Female-dominated sectors such as the retail and food industries have been among those hit hard by job losses, she said.

“Something which is very different about this recession compared to the financial crisis [of 2007/08] is that it’s female-dominated industries which have been hit harder by the lockdown and social distancing measures,” she said.

It follows research published by the Institute for Fiscal Studies in early April that said women “disproportionately” work in retail and hospitality: sectors hugely impacted by the lockdown.

It said 17% of female employees were in such sectors, compared with 13% of male employees.

3. Investment in male-dominated industries

Last week, chancellor Rishi Sunak announced his “plan for jobs”. A key part of this was £5.8bn on “shovel-ready” construction projects.

Construction, according to a House of Commons report published in March, is an industry where 85% of jobs are held by men.

Prof Adams-Prassl said: “That [spending announcement] would have a bigger impact, at least in the short term, in terms of employment prospects for men.

“If you think about where a lot of job losses have been occurring – retail, restaurants, food – they are female-dominated industries, and it seems quite a big ask in the short term for people who have been made unemployed in those sectors to potentially take up opportunities where money is being shovelled in by the government with these new schemes.”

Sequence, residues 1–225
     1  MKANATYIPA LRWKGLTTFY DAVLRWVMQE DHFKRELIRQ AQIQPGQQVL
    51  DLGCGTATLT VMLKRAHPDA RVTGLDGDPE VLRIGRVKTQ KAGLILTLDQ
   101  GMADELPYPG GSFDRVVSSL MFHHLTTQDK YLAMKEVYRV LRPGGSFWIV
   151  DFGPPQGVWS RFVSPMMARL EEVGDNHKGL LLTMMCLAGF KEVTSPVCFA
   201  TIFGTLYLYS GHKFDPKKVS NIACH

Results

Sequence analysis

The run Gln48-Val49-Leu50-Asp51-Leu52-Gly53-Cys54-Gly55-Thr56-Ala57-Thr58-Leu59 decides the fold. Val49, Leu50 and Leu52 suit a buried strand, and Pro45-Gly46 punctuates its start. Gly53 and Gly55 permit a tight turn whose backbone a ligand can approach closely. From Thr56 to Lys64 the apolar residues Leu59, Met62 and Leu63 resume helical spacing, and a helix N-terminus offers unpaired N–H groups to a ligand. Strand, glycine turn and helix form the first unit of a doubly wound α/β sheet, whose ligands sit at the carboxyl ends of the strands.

Britain's Chancellor of the Exchequer Rishi Sunak talks with employees during a visit to Worcester Bosch factory to promote the initiative, Plan for Jobs, in Worcester, England, Thursday July 9, 2020. (Phil Noble/Pool via AP)
Chancellor Rishi Sunak promoting his 'plan for jobs' at a factory in Worcester last week. (Phil Noble/pool via AP)

Government by men, for men?

Throughout the pandemic, Downing Street has been criticised for male-dominated decision making.

Boris Johnson’s “war cabinet” for dealing with COVID-19 consisted entirely of men: Sunak, Matt Hancock, Michael Gove and Dominic Raab.

Meanwhile, of the government’s 92 daily Downing Street press briefings between 16 March and 23 June, only three were led by a woman: Priti Patel.

In the photo provided by 10 Downing Street, Britain's Home Secretary Priti Patel speaks, during a coronavirus briefing in Downing Street, London, Saturday April 25, 2020. (Pippa Fowles/10 Downing Street via AP)
Home secretary Priti Patel leads a daily coronavirus briefing in Downing Street in April. (Pippa Fowles/10 Downing Street via AP)

Is this government by men, for men?

Prof Adams-Prassl said: “The decisions that I have seen give you little to go on to say that hasn’t been the case. I thought the package last week was surprising in terms of how clearly gendered it was.”

She added: “The statements which came last week, I would say, are definitely favouring industries and occupations which are predominantly male-dominated as opposed to those which have been hit hardest which are predominantly female.”